Volodymyr Zelensky said Russia’s new strategy to destroy Ukraine’s infrastructure and plunge it into darkness would not weaken the country’s resolve to liberate all occupied territories, describing the conflict as a “war of strength and flexibility.”
Pushing back against Western fears of escalation, Ukraine’s president insisted there would be no lasting solution to the war unless Russia withdraws from the territories it has occupied.
Moscow has stepped up its bombardment of critical infrastructure in Ukraine since last month, hoping to force concessions from Kiev despite its progress on the battlefield.
“We must return all the land. . . because I think the battlefield is the way when there is no diplomacy,” Zelenskyy told the Financial Times. “If you can’t get your land back completely, the war will simply freeze. It is only a matter of time before it continues.”
On Wednesday, Russia fired 70 missiles at infrastructure targets across Ukraine, leaving about 80 percent of the country in darkness and without water. All 15 of Ukraine’s nuclear reactors were shut down because electricity became unstable.
Zelensky, in the presidential office, which also lost its water supply, said this week’s strike was unthinkable in the modern world.
“It was a case that hadn’t happened in I don’t know how many years, maybe 80, 90 years: a country on the European continent where there was no light at all.”
He said the Ukrainians could despair or fight. “The state fought back in a great way. The energy workers, the state emergency department, the deminers, everyone was working to restore and restore power and provide at least some water.
By Thursday morning, the nuclear reactors had been turned back on, and the water had turned on in some districts of the capital, Kyiv. “This war is about strength, about resilience, about who stands stronger.”
Even before Wednesday’s strikes, half of the country’s electricity system was shut down by Russian missile attacks, resulting in continuous blackouts for millions of people. After the water supply to the entire capital was cut off in Kiev this week, some residents were forced to collect snow to melt for washing and cooking.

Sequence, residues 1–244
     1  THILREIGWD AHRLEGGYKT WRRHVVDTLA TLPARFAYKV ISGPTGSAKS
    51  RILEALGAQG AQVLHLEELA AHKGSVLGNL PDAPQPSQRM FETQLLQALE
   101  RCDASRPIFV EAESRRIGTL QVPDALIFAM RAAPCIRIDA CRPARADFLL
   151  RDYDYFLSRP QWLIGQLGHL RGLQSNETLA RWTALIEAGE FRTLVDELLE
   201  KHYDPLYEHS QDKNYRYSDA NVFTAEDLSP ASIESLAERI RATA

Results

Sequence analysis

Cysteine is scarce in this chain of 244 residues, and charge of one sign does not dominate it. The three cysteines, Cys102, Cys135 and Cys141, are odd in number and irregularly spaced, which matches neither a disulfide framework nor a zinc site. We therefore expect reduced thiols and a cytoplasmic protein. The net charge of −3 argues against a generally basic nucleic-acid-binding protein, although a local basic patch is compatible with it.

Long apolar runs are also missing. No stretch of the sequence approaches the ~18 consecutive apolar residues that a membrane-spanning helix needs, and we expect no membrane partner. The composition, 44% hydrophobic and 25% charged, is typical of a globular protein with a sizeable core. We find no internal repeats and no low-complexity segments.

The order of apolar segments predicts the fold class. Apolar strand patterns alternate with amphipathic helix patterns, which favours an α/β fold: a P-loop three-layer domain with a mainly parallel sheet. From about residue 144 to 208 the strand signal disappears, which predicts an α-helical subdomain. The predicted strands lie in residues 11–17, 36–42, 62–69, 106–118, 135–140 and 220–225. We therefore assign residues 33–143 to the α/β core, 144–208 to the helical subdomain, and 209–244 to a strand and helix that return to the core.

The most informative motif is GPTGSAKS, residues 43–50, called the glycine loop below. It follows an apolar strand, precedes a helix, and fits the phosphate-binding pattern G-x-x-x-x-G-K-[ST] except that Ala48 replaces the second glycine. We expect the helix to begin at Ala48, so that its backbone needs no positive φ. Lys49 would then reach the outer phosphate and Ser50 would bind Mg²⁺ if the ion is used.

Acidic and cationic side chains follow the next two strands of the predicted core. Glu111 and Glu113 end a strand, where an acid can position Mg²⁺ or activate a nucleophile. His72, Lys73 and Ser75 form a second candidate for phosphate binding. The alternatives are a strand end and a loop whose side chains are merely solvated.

Ukraine is running out of replacement transformers for its Soviet-era power grid after repeated Russian missile strikes hit its grid. It is sourcing spare parts from Poland and Lithuania and wants to ramp up domestic production, but new units take four to eight months to assemble.
Infrastructure Minister Oleksandr Kubrakov said Ukraine needs hundreds of millions of dollars in aid – in addition to ongoing budget support – to urgently repair its electricity system.
Zelensky also asked Ukraine’s Western partners to provide more air defense equipment to protect critical infrastructure, as well as diesel supplies for emergency generators and additional gas to offset power shortages.
The president said the attacks on civilian infrastructure showed Moscow had no intention of negotiating an end to the war.
Kyiv backed off under perceived pressure to show its openness to a possible negotiated solution to the war. Some Western partners fear that any attempt by Ukraine to retake Crimea, annexed by Russia in 2014, which it considers crucial to its security, could lead to a dangerous escalation by Moscow, including the use of nuclear weapons.
As Ukrainian forces have advanced against Russian forces in the south and east, Ukraine’s military goals have hardened, seeking to recapture territory captured since February and captured during the 2014 Russian offensive.
Zelensky acknowledged that the fate of Crimea is increasingly important on the international agenda.
“I understand that everyone is confused about the situation and what will happen to Crimea. If someone is ready to offer us a way to occupy Crimea by non-military means, then I will only support it,” Zelensky said. “If the solution [does not involve] busyness and [Crimea] part of the Russian Federation, no one should waste their time on this. It’s a waste of time.”